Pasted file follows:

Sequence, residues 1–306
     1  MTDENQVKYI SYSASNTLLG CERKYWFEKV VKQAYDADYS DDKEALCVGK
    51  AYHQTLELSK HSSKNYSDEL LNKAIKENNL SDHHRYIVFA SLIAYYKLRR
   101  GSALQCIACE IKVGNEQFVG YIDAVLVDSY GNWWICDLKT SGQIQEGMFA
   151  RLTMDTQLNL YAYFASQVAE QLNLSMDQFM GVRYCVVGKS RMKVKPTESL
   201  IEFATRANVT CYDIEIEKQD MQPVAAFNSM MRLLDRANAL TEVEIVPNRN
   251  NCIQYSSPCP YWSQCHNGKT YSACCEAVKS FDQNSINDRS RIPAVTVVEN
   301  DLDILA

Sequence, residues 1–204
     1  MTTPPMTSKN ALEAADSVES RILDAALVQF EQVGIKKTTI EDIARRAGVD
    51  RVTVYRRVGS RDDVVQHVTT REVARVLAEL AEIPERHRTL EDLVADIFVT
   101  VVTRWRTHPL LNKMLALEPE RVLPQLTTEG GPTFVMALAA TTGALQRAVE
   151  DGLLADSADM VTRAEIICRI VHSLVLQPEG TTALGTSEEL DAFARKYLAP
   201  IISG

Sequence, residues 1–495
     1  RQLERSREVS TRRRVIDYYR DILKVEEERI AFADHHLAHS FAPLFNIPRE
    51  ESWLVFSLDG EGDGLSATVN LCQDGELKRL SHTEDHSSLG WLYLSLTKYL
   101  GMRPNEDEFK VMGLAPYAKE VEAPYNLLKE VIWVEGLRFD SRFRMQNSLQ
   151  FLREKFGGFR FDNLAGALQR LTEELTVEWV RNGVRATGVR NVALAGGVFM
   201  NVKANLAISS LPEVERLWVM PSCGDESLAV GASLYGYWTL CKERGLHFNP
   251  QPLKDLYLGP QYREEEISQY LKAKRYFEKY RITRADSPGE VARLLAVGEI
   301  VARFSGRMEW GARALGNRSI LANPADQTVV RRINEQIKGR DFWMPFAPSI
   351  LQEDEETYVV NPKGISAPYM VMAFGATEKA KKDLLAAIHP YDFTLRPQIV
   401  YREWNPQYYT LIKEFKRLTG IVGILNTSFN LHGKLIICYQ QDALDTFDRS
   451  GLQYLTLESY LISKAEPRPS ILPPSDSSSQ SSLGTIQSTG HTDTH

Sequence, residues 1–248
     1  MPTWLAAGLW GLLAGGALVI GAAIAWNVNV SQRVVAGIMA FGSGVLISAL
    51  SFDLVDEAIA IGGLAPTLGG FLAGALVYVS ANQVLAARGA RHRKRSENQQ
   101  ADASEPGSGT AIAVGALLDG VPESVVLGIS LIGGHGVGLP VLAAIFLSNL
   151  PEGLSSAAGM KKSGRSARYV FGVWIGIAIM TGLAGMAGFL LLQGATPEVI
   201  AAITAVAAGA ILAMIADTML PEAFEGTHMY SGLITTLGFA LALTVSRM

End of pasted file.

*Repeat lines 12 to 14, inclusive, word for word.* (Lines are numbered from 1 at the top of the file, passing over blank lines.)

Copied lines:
   101  VVTRWRTHPL LNKMLALEPE RVLPQLTTEG GPTFVMALAA TTGALQRAVE
   151  DGLLADSADM VTRAEIICRI VHSLVLQPEG TTALGTSEEL DAFARKYLAP
   201  IISG